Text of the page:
Civil rights leader Maya Wiley to deliver 40th Parker Lecture
Maya Wiley, a nationally recognized civil rights leader, will deliver the 40th annual Everett C. Parker Lecture. The United Church of Christ Media Justice Ministry also announced that Jessica J. Gonzalez, co-CEO of Free Press, will receive the Parker Award at the Sept. 22 event.
The ministry, formerly known as the UCC Office of Communication, Inc., will celebrate one year under its new name. The lecture returns to an in-person event at First Congregational United Church of Christ in Washington, D.C., and will be hosted simultaneously online.
The Parker Lecture is named for the late Rev. Everett C. Parker. Parker founded the UCC’s Office of Communication, Inc., whose decades of victories for ethics and fairness in public media include major broadcast license and court cases during the Civil Rights era. The annual lecture and awards breakfast comes at a time when recent events, including the COVID-19 pandemic, have highlighted the role that media and misinformation can play in shaping history and the importance of wider and easier access to broadband connectivity.
A “vision for racial equity and deep expertise”
Wiley is the new president and CEO of the Leadership Conference on Civil and Human Rights. She has worked as a litigator for the American Civil Liberties Union, the NAACP Legal Defense Fund, Inc., and the U.S. Attorney’s Office for the Southern District of New York. She also served as a legal analyst for MSNBC from 2018 to 2021. She is a co-founder of the Center for Social Inclusion (CSI), a national policy strategy organization working to end structural racism. CSI is now part of Race Forward.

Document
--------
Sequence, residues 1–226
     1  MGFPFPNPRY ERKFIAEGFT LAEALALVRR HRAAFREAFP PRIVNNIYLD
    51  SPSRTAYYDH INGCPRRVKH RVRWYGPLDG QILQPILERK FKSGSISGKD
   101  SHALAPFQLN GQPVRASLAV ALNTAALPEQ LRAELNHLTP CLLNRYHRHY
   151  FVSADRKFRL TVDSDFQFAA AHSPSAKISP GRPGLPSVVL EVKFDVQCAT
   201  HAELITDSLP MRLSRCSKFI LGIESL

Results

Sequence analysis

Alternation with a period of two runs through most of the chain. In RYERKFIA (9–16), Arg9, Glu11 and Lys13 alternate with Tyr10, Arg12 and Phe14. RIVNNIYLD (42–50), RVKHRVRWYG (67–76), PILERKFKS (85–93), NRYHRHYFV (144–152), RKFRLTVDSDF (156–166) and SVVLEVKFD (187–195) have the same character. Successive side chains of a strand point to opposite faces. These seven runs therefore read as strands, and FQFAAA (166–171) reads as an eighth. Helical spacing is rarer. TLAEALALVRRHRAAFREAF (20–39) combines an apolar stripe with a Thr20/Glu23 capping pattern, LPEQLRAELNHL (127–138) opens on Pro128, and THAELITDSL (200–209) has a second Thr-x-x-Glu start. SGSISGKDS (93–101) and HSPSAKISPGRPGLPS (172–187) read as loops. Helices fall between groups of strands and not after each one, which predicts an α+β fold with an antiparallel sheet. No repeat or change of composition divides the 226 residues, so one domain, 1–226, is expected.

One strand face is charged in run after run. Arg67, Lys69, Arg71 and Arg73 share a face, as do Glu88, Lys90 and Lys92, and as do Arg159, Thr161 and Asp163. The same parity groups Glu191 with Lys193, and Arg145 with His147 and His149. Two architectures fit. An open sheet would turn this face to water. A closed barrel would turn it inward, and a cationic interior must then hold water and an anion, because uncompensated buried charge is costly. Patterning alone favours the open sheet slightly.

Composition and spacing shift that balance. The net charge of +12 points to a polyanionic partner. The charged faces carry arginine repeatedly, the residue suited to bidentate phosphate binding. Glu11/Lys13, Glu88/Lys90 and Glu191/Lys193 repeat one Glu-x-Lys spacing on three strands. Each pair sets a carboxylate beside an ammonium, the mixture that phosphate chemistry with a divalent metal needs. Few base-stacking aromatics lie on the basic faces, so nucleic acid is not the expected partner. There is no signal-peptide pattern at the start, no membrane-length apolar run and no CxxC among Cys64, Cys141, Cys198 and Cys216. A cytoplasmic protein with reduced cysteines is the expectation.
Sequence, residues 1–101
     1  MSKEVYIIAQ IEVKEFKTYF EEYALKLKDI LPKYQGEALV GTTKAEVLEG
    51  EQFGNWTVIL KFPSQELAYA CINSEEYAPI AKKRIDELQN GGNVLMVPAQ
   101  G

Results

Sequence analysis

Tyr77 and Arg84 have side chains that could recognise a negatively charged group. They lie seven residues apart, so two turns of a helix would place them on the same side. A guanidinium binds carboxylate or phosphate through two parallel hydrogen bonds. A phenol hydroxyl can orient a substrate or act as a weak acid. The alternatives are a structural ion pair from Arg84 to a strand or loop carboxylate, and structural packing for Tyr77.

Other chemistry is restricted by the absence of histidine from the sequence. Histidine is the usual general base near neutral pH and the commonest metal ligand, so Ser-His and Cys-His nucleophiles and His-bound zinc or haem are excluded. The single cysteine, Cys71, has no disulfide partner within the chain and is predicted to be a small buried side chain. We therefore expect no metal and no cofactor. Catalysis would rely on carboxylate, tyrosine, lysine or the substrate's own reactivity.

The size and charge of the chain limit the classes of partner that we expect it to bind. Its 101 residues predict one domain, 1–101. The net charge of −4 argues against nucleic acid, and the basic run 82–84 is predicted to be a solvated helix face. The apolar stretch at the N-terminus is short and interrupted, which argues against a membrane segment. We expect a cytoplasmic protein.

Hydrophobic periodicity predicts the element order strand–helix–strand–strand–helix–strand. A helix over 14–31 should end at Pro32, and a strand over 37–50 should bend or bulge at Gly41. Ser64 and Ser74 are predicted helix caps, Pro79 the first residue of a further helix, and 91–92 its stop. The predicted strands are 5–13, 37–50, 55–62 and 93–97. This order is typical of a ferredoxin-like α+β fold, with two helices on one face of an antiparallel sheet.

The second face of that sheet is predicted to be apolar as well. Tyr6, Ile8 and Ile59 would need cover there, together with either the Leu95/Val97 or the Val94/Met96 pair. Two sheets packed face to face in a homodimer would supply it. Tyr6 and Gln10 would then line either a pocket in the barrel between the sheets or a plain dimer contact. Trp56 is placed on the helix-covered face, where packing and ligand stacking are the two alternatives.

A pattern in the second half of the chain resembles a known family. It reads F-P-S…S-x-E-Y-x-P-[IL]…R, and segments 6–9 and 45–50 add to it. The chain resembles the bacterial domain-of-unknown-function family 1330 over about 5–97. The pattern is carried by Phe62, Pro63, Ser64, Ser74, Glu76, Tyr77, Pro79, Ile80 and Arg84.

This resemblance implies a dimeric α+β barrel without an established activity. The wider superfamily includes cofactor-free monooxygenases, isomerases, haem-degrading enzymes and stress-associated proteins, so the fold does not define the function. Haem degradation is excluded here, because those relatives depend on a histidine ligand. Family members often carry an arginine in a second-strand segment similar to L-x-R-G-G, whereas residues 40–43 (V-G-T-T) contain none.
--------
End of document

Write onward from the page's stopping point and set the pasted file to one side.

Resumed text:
In addition to her long-time work on civil rights issues, Wiley served as counsel to then-New York City Mayor Bill DeBlasio. She played a critical role in the city’s rollout of affordable broadband services, building on her work at CSI and championing a $10 million investment in affordable broadband in the city. Subsequently, she founded the Digital Equity Laboratory at New School University and served as its senior vice president for social justice.
“We are so pleased that the 40th annual Parker Lecture will feature Maya Wiley’s vision for racial equity and deep expertise on the importance of technology in achieving that equity and protecting civil rights,” said Earl Williams Jr., chair of the UCC Media Justice Ministry board.
A champion of net neutrality, media diversity
Gonzalez will receive the 2022 Parker Award, given in recognition for work that embodies the spirit and mission of Everett Parker. She is an attorney whose advocacy spans a wide range of media justice and racial justice issues. As a former beneficiary herself of the Federal Communications Commission’s Lifeline program that subsidizes telecommunications services for low-income households, Gonzalez has worked diligently to fend off attacks on the program.
At Free Press and at her prior position at the National Hispanic Media Coalition, she has been a champion of net neutrality and media diversity, and a forceful opponent of media consolidation. She co-founded Change the Terms, building a coalition of more than 60 civil and digital rights groups seeking to address online hate speech. Gonzalez also helped lead the “Stop Hate for Profit” boycott, seeking to persuade online companies to take more responsibility for deterring hate speech on their platforms.
Tickets and additional information about the event are available on the UCC Media Justice web page.
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